After the initial culture shock of attending my first Linux conference (let's just say the dress code was casual), the annual GNOME conference was highly informative and productive.
Tor: Anonymity Online – Jacob Appelbaum
Jacob explained the Tor project, the necessity for network anonymity, and onion routing. Arab Spring resulted in a huge spike for Tor usage in affected countries.
At the same time, Jacob stressed the necessity for more Tor exit relays in the network. Even if you can't contribute exit relays to the Tor project, simply using Tor to browse regular websites helps the project.
OCR Feeder – Joaquim Rocha
Given the problems with paper (accessibility, organic degradation), people want to create a digital copy of documents. While OCR engines are a great tool, but they only translate text and the end result are digital documents that have lost all of the original formatting.
Joaquim Rocha built OCR Feeder to create files that retained layout information from scanned documents using existing OCR engines. In addition, OCR Feeder recognizes image blocks and tags them as such.
Gnome Bazaar – Daniel Siegel
Daniel studied the history and layout of many FOSS projects for his thesis.
Projects tend to start from a single individual or a small group of contributors growing rapidly at start before tapering off to a more reasonable pace.
He described the typical hierarchy of a project, then went on about the GNOME project and current challenges with a missing leader and vision.
Crowdfunding Applications – Jim Nelson, Adam Dingle
Yorba had quite a few attendees this year, with the aforementioned two giving a talk about crowdfunding and the state of funding for open source projects. A significant portion of Yorba's funding comes from the founders and contract work. However this financial is not fundamentally sound and they believe more projects need to be crowdfunded.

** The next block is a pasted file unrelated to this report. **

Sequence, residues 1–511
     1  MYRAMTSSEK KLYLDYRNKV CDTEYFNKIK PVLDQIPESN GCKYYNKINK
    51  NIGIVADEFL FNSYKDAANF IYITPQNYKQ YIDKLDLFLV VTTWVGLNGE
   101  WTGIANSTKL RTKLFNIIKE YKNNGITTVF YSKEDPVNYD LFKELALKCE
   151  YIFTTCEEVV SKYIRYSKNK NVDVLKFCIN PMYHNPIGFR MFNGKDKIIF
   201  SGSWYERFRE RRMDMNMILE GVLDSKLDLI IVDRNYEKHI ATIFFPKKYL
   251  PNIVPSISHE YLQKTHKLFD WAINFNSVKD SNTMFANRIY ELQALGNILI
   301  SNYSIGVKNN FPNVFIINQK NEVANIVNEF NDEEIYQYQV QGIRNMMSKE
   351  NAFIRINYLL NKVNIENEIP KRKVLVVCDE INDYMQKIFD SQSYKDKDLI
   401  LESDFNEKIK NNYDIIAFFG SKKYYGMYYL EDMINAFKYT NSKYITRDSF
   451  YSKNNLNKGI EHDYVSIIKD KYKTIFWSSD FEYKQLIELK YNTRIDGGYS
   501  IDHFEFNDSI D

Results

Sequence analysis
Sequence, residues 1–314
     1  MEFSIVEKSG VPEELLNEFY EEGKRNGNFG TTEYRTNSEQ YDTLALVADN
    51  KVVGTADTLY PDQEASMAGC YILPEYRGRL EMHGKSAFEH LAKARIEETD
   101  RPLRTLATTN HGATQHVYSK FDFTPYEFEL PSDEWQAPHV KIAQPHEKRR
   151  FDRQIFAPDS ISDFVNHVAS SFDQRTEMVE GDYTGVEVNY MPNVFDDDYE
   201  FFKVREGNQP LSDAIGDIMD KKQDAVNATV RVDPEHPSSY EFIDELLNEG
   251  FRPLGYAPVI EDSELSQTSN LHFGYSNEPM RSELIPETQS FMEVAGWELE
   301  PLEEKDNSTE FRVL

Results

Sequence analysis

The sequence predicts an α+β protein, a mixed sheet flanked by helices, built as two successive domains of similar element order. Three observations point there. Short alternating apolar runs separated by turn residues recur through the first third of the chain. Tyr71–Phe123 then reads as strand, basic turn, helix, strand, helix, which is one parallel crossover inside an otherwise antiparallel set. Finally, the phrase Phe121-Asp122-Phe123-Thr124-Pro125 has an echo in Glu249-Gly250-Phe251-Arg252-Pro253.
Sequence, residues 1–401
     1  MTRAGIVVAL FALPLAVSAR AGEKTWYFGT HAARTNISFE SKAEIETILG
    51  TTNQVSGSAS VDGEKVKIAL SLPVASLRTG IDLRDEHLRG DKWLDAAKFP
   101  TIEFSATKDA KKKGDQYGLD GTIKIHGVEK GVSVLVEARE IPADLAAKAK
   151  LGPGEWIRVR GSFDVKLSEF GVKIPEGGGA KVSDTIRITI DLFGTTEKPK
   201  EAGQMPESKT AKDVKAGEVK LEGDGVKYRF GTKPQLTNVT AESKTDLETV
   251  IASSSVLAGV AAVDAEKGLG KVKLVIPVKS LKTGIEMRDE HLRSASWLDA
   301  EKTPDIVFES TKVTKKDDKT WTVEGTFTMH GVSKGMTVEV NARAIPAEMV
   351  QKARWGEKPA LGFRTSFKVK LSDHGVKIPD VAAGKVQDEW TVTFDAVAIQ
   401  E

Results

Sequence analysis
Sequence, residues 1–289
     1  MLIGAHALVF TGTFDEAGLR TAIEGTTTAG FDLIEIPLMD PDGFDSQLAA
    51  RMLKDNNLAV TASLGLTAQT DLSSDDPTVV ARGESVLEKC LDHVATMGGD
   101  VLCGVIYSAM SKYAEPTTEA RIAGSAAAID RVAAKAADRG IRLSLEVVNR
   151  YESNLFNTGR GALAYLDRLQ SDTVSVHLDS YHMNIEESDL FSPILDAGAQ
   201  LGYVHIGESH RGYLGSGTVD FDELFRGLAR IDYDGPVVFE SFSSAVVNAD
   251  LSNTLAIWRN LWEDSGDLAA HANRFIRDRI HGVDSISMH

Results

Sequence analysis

One of the primary issues with using Kickstarter to fund open source projects is that a lot of necessary code is inherently unsexy. It's difficult to get end users to consider donating or contributing to a library development when there's no immediately tangible result.
Adam pointed out that Humble Bundle does quite well and perhaps a similar financial model could be incorporated into package managers. With package managers such as Ubuntu's app store, perhaps end users could be incentivized to donate to their favorite packages with an slider distributing some of the donations to back end developers.
However I'd had to say that the best thing about GUADEC and GNOME are the attendees and the community. Although this was my first, it definitely won't be my last. Everyone was approachable and great to talk to. Being able to put a face to names I've only seen on internet can't be underestimated, and really humanized the GNOME project to me.
Exploring the streets of A Coruña with GNOME'ies and other GSOC interns made the whole trip special. Until next year, salud y si si!